Hatcher Pass, AK

Complex structural features within the Hatcher Pass Schist, recording evidence for a multistage uplift history

The Willow Creek area in the southernmost Talkeetna Mountains (Fig. 1) remains geologically enigmatic despite hosting one of the largest gold producing lode deposits in Alaska. Like most of AK, the region has seen no official mapping at scales less than inch to mile, and several issues pertaining to the interpreted bedrock geology in light of emerging datasets requires more detailed, and modern, bedrock geologic mapping. Establishing robust field constraints will aid in solving several outstanding issues in the geologic community with implications for: 1) understanding the development of the modern Cordilleran margin, 2) establishing timing and structural controls on critical metal mineralization, and 3) constraining the kinematic history of an active strike slip fault adjacent to highly populated regions in south central AK. Due to road access, superb exposure, and relative proximity to metropolitan areas, this region offers a great opportunity to safely engage a graduate student into modern geologic problems in a remarkably understudied portion of North America.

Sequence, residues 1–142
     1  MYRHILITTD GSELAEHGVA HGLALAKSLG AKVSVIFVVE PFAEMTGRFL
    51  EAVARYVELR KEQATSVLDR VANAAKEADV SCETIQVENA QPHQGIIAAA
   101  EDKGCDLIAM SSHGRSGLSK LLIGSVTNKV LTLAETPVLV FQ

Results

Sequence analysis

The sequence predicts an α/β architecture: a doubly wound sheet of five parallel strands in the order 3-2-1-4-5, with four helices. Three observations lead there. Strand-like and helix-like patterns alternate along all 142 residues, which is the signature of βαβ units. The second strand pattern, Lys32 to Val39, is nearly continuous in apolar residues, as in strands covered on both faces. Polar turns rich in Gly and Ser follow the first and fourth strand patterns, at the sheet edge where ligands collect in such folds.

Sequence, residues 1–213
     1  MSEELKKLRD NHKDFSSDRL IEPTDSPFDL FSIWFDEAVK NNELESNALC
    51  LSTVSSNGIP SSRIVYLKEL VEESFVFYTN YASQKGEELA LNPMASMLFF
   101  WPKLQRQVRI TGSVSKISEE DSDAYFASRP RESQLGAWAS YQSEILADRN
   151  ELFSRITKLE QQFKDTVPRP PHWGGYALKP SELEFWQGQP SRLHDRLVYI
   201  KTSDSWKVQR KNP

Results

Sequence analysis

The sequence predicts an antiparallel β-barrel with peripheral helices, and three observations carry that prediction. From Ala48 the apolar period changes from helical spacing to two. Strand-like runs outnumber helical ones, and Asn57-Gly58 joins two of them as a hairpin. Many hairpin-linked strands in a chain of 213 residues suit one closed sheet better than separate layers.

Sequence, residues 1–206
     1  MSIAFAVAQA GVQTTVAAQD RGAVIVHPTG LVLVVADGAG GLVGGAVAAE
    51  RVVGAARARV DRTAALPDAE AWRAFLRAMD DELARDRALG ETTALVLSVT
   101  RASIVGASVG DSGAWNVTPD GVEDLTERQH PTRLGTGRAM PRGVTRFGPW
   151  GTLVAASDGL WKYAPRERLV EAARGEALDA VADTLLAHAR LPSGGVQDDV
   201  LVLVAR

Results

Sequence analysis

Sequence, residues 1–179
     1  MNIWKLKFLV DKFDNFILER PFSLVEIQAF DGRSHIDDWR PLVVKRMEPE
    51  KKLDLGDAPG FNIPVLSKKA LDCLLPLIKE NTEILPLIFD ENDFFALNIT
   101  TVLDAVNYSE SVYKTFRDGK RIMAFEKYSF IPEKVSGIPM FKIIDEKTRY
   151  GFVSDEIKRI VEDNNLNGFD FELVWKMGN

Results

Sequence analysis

The bedrock geology of the Willow Creek area (Fig. 2) is composed of four basic units: 1) a suite of variably retrogressed chlorite-muscovite schists with km-scale serpentinite blocks (Schist of Hatcher Pass –HPS); 2) a series of late Cretaceous and mineralized plutonic bodies on the north of the HPS; 3) a late Cretaceous equigranular composite pluton; and 4) an undeformed package of latest Cretaceous conglomerates and feldspathic to lithic arenites (Arkose Ridge Formation; Trop et al., 2003). The Willow Creek area is the southern extent of the composite Wrangellia Composite Terrane (WCT), which was accreted to North America in the latter part of the Cretaceous. The southern Willow Creek area is delineated by the Castle Mountain Fault, which is a part of the larger Border Ranges Fault system with accreted marine deposits to the south. In addition to the relatively simple lithotectonic framework and broad implications for understanding seismic risks, the HPS and Willow Creek plutons are extensively cut by variably dismembered gold-bearing quartz veins, adding an economic component to the project.

Cobalt the geologizing dog standing on a low-angle detachment juxtaposing retrograded Hatcher Pass Schist adjacent to the undeformed Arkose Ridge Formation.